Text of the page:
verb elic·it \ i-ˈli-sət \
|Updated on: 12 Aug 2018

Definition of elicit

elicited; eliciting; elicits
1 : to call forth or draw out (something, such as information or a response)
  • her remarks elicited cheers
2 : to draw forth or bring out (something latent or potential)
  • hypnotism elicited his hidden fears


play \i-ˌli-sə-ˈtā-shən, ˌē-\ noun


play \i-ˈli-sə-tər\ noun

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Examples of elicit in a Sentence

  1. If ever there was a two-way pleasure street, it's the delight a baby takes in being tickled and the joy the parent experiences in the tumble of laughter it elicits. —Jeffrey KlugerTime17 Jan. 2005
  2. Gingrich elicits perhaps the greatest sympathy when he talks about the challenge of graduating from a rabble-rousing backbencher in the House minority to presiding over (and trying to control) the first Republican majority in 40 years. —Richard L. BerkeNew York Times Book Review17 May 1998
  3. In a wild, captive wolf that is not socialized to man, approach will elicit flight and, if the wolf is cornered, a defensive reaction may be triggered, which is termed the critical-distance reaction. —Michael W. FoxThe Soul of the Wolf1980
  4. She's been trying to elicit the support of other committee members.

  5. My question elicited no response.

  6. She's been unable to elicit much sympathy from the public.

Recent Examples of elicit from the Web

These example sentences are selected automatically from various online news sources to reflect current usage of the word 'elicit.' Views expressed in the examples do not represent the opinion of Merriam-Webster or its editors. Send us feedback.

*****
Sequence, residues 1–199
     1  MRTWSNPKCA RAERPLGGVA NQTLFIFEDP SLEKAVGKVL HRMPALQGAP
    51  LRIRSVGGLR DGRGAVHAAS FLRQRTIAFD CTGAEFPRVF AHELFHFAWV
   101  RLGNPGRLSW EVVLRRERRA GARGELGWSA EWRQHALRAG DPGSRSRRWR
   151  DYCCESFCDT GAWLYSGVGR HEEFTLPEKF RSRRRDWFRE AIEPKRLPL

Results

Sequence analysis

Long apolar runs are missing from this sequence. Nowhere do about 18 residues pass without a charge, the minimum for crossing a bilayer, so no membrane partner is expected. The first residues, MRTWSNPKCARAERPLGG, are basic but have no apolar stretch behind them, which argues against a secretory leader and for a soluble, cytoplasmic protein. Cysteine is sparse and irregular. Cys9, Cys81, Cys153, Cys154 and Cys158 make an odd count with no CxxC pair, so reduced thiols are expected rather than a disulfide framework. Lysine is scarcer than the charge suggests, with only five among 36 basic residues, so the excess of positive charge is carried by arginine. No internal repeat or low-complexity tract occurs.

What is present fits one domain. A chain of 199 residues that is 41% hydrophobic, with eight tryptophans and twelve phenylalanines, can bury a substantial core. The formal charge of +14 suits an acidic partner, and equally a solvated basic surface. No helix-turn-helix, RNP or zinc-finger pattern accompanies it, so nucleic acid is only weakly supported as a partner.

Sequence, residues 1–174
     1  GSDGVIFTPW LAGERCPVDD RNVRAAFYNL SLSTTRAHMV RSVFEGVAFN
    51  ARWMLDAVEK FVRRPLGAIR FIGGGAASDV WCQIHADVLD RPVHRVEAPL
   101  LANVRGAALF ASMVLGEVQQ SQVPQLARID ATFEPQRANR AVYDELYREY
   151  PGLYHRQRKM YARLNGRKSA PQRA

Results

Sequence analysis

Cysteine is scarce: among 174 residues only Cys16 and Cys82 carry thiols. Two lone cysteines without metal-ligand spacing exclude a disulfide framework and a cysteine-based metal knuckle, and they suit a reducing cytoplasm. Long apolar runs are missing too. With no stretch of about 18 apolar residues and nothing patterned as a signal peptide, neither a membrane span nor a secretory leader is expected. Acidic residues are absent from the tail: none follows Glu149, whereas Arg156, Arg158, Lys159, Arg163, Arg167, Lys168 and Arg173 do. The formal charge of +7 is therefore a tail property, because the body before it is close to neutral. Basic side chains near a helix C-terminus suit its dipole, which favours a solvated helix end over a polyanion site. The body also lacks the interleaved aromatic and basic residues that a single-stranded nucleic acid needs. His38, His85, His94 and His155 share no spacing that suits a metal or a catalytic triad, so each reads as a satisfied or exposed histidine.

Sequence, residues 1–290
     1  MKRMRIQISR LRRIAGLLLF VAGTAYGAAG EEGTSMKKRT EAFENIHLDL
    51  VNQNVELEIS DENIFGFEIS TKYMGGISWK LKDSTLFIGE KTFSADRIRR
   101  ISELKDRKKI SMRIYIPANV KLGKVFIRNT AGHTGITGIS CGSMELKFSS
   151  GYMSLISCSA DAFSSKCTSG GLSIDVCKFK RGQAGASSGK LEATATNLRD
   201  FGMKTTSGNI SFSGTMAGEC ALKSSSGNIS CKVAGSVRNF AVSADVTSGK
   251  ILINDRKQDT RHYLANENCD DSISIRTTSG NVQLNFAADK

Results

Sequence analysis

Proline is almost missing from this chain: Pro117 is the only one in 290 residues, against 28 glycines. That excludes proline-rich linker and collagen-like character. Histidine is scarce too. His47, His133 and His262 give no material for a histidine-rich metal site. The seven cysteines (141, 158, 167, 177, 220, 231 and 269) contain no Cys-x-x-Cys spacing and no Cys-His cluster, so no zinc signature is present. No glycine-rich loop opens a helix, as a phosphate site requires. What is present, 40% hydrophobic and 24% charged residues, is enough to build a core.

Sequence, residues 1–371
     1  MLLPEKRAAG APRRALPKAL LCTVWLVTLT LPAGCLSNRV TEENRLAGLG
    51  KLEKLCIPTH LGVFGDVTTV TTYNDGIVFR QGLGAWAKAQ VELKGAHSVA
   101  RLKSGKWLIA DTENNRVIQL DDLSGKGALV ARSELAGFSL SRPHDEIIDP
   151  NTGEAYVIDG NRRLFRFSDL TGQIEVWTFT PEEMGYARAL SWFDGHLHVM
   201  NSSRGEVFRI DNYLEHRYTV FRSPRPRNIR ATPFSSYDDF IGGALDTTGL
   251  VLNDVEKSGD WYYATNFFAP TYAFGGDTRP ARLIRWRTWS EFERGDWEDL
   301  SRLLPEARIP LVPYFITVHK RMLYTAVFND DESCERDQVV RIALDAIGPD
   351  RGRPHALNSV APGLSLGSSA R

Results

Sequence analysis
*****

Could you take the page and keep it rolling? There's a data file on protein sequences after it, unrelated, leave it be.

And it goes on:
The Latin Roots of elicit

Elicit derives from the past participle of the Latin verb elicere, formed by combining the prefix e- (meaning "away") with the verb lacere, meaning "to entice by charm or attraction." It is not related to its near-homophone, the adjective illicit—that word, meaning "unlawful," traces back to another Latin verb, licēre, meaning "to be permitted." Nor is elicit related to the verb solicit, even though it sounds like it should be. Solicit derives from Latin sollicitare ("to disturb"), formed by combining the adjective sollus, meaning "whole," with the past participle of the verb ciēre, meaning "to move."

Origin and Etymology of elicit

Latin elicitus, past participle of elicere, from e- + lacere to allure

Synonym Discussion of elicit

educe, evoke, elicit, extract, extort mean to draw out something hidden, latent, or reserved. educe implies the bringing out of something potential or latent.
    • educed order out of chaos
evoke implies a strong stimulus that arouses an emotion or an interest or recalls an image or memory.
    • a song that evokes warm memories
elicit usually implies some effort or skill in drawing forth a response.
    • careful questioning elicited the truth
extract implies the use of force or pressure in obtaining answers or information.
    • extracted a confession from him
extort suggests a wringing or wresting from one who resists strongly.
    • extorted their cooperation by threatening to inform

ELICIT Defined for English Language Learners


Definition of elicit for English Language Learners

  • : to get (a response, information, etc.) from someone

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